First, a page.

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This page shows how to create symbolic numbers, variables, and expressions. To learn how to work with symbolic math, see Perform Symbolic Computations.

You can create symbolic numbers by using `sym`

. Symbolic numbers are exact representations,
unlike floating-point numbers.

Create a symbolic number by using `sym`

and
compare it to the same floating-point number.

sym(1/3) 1/3

ans = 1/3 ans = 0.3333

The symbolic number is represented in exact rational form, while
the floating-point number is a decimal approximation. The symbolic
result is not indented, while the standard MATLAB^{®} result is indented.

Calculations on symbolic numbers are exact. Demonstrate this
exactness by finding `sin(pi)`

symbolically and numerically.
The symbolic result is exact, while the numeric result is an approximation.

sin(sym(pi)) sin(pi)

ans = 0 ans = 1.2246e-16

To learn more about symbolic representation of numbers, see Numeric to Symbolic Conversion.

You can use two ways to create symbolic variables, `syms`

and `sym`

.
The `syms`

syntax is a shorthand for `sym`

.

Create symbolic variables `x`

and `y`

using `syms`

and `sym`

respectively.

syms x y = sym('y')

The first command creates a symbolic variable `x`

in
the MATLAB workspace with the value `x`

assigned
to the variable `x`

. The second command creates a
symbolic variable `y`

with value `y`

.
Therefore, the commands are equivalent.

With `syms`

, you can create multiple variables
in one command. Create the variables `a`

, `b`

,
and `c`

.

syms a b c

If you want to create many variables, the `syms`

syntax
is inconvenient. Instead of using `syms`

, use `sym`

to
create many numbered variables.

Create the variables `a1, ..., a20`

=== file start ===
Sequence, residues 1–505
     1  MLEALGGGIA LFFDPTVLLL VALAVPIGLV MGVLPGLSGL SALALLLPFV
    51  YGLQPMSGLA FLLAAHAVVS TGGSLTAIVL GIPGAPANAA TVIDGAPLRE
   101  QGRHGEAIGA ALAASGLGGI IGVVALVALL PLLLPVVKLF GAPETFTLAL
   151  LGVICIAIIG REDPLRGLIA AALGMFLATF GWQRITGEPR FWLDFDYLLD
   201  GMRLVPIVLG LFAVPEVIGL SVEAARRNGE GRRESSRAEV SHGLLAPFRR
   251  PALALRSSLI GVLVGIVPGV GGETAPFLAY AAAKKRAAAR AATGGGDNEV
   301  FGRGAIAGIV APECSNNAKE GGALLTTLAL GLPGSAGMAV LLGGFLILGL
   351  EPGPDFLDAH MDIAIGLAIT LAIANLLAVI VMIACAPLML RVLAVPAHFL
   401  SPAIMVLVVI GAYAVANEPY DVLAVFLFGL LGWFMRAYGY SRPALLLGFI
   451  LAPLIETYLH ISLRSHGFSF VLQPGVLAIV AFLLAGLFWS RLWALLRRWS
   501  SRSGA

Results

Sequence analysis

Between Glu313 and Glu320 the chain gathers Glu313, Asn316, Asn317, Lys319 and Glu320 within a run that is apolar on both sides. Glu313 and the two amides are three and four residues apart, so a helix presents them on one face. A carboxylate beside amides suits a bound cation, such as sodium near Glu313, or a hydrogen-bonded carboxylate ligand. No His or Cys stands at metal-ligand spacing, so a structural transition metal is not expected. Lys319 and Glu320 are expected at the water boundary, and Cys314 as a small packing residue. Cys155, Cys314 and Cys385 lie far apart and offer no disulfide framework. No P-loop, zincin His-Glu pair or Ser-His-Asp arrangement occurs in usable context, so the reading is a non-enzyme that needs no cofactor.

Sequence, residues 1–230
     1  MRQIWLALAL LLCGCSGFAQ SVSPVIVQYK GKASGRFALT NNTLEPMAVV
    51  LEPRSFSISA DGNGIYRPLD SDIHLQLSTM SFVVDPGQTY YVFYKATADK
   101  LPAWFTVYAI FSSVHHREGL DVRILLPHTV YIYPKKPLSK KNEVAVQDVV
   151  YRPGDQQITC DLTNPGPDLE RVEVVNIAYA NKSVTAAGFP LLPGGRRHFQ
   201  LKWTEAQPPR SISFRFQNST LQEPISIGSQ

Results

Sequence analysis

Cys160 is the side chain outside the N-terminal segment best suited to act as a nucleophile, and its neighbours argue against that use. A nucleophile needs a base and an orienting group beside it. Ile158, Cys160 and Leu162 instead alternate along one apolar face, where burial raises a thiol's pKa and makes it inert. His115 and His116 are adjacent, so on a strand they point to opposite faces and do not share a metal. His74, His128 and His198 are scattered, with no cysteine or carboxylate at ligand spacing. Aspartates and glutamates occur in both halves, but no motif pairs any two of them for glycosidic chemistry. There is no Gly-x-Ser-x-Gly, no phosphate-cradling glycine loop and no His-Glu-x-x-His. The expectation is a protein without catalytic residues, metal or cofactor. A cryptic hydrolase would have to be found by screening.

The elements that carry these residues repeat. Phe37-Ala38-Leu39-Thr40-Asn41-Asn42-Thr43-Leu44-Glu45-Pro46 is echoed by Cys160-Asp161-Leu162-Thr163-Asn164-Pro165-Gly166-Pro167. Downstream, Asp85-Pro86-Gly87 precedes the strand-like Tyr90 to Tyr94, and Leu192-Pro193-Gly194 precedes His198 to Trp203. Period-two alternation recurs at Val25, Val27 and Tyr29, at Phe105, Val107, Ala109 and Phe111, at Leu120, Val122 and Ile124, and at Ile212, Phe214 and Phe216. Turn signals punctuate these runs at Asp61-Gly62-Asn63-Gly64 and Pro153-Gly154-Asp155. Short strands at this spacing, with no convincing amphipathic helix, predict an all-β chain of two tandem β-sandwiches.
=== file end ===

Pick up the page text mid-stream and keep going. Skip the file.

.

A = sym('a', [1 20])

A = [ a1, a2, a3, a4, a5, a6, a7, a8, a9, a10,... a11, a12, a13, a14, a15, a16, a17, a18, a19, a20]

The `syms`

command is a convenient shorthand
for the `sym`

syntax. Use the `sym`

syntax
when you create many variables, when the variable value differs from
the variable name, or when you create a symbolic number, such as `sym(5)`

.

Suppose you want to use a symbolic variable to represent the golden ratio

$$\phi =\frac{1+\sqrt{5}}{2}$$

The command

phi = (1 + sqrt(sym(5)))/2;

achieves this goal. Now you can perform various mathematical
operations on `phi`

. For example,

f = phi^2 - phi - 1

returns

f = (5^(1/2)/2 + 1/2)^2 - 5^(1/2)/2 - 3/2

Now suppose you want to study the quadratic function `f`

= `ax`

^{2} + `bx`

+ `c`

. First, create the symbolic variables `a`

, `b`

, `c`

,
and `x`

:

syms a b c x

Then, assign the expression to `f`

:

f = a*x^2 + b*x + c;

To create a symbolic number, use the `sym`

command.
Do not use the `syms`

function to create a symbolic
expression that is a constant. For example, to create the expression
whose value is `5`

, enter `f = sym(5)`

.
The command `f = 5`

does *not* define `f`

as
a symbolic expression.

If you set a variable equal to a symbolic expression, and then
apply the `syms`

command to the variable, MATLAB software
removes the previously defined expression from the variable. For example,

syms a b f = a + b

returns

f = a + b

If later you enter

syms f f

then MATLAB removes the value `a + b`

from
the expression `f`

:

f = f

You can use the `syms`

command to clear variables
of definitions that you previously assigned to them in your MATLAB session.
However, `syms`

does not clear the following assumptions
of the variables: complex, real, integer, and positive. These assumptions
are stored separately from the symbolic object. For more information,
see Delete Symbolic Objects and Their Assumptions.

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